A machine learning tool can help identify which high-risk breast lesions are likely to become cancerous, according to a new study appearing online in the journal Radiology. Researchers said the technology has the potential to reduce unnecessary surgeries.
High-risk breast lesions are biopsy-diagnosed lesions that carry an increased risk of developing into cancer. Because of that risk, surgical removal is often the preferred treatment option. However, many high-risk lesions do not pose an immediate threat to the patient’s life and can be safely monitored with follow-up imaging, sparing patients the costs and complications associated with surgery.
“There are different types of high-risk lesions,” said study author and radiologist Manisha Bahl, MD, MPH, from Massachusetts General Hospital (MGH) and Harvard Medical School, both in Boston. “Most institutions recommend surgical excision for high-risk lesions such as atypical ductal hyperplasia, for which the risk of upgrade to cancer is about 20 percent. For other types of high-risk lesions, the risk of upgrade varies quite a bit in the literature, and patient management, including the decision about whether to remove or survey the lesion, varies across practices.”
Dr. Bahl and colleagues at MGH studied the use of a machine learning tool to identify high-risk lesions that are at low risk for upgrade to cancer. The study resulted from a close collaboration between researchers at the Massachusetts Institute of Technology’s (MIT) Computer Science and Artificial Intelligence Laboratory in Cambridge, Mass., and breast imaging experts at MGH.
“Because diagnostic tools are inexact, there is an understandable tendency for doctors to over-screen for breast cancer,” says coauthor Regina Barzilay, PhD, the Delta Electronics Professor of Electrical Engineering and Computer Science at MIT. “When there’s this much uncertainty in data, machine learning is exactly the tool that we need to improve detection and prevent over-treatment.”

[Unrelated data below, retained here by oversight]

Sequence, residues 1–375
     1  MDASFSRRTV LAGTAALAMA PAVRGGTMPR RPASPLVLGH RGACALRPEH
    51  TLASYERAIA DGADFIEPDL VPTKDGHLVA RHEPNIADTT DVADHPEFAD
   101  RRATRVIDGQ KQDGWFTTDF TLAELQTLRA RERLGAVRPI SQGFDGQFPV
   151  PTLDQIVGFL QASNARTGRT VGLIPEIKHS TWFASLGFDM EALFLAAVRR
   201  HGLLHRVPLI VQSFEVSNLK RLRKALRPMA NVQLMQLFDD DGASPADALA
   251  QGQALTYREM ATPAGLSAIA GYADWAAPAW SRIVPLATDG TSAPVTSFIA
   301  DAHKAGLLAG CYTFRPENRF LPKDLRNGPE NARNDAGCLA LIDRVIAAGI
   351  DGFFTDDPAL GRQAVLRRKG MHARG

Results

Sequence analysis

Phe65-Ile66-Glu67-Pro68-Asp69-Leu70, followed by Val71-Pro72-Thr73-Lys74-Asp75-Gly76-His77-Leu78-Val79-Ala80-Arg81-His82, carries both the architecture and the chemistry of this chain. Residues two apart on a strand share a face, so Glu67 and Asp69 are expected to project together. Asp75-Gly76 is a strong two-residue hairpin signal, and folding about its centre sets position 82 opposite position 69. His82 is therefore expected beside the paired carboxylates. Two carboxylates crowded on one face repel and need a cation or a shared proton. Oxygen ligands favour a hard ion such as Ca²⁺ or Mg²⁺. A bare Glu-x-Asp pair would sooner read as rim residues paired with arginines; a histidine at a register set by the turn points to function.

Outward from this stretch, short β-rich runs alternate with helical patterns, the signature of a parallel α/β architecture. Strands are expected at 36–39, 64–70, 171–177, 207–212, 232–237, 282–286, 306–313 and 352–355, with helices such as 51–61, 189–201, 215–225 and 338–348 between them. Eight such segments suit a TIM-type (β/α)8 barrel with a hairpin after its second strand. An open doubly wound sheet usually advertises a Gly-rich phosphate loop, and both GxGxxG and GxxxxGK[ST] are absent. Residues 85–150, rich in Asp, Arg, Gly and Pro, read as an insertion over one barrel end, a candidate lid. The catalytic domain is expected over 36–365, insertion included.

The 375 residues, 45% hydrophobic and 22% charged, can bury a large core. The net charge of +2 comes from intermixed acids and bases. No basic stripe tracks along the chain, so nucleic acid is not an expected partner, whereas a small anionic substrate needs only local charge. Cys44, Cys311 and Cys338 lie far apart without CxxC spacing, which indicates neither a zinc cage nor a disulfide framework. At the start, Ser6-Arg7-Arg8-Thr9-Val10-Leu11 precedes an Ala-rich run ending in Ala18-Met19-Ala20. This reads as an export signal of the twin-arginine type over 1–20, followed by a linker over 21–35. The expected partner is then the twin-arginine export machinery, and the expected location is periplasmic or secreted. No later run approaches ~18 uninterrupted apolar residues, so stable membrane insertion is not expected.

Machine learning is a type of artificial intelligence in which a model automatically learns and improves based on previous experiences. The model developed by researchers analyzed traditional risk factors such as patient age and lesion histology, along with several unique features, including words that appear in the text from the biopsy pathology report. The researchers trained the model on a group of patients with biopsy-proven high-risk lesions who had surgery or at least two-year imaging follow-up. Of the 1,006 high-risk lesions identified, 115, or 11 percent, were upgraded to cancer.
After training the machine learning model on two-thirds of the high-risk lesions, the researchers tested it on the remaining 335 lesions. The model correctly predicted 37 of the 38 lesions, or 97%, that were upgraded to cancer. The researchers also found that use of the model would have helped avoid almost one-third of benign surgeries.
The machine-learning model identified the terms “severely” and “severely atypical” in the text of the pathology reports as associated with a greater risk of upgrade to cancer.
“Our study provides ‘proof of concept’ that machine learning can not only decrease unnecessary surgery by nearly one-third in this specific patient population, but also can support more targeted, personalized approaches to patient care,” says the paper’s senior author, Constance Lehman, MD, PhD, professor at Harvard Medical School and Director of Breast Imaging at MGH.
“Our goal is to apply the tool in clinical settings to help make more informed decisions as to which patients will be surveilled and which will go on to surgery,” Bahl adds. “I believe we can capitalize on machine learning to inform clinical decision making and ultimately improve patient care.”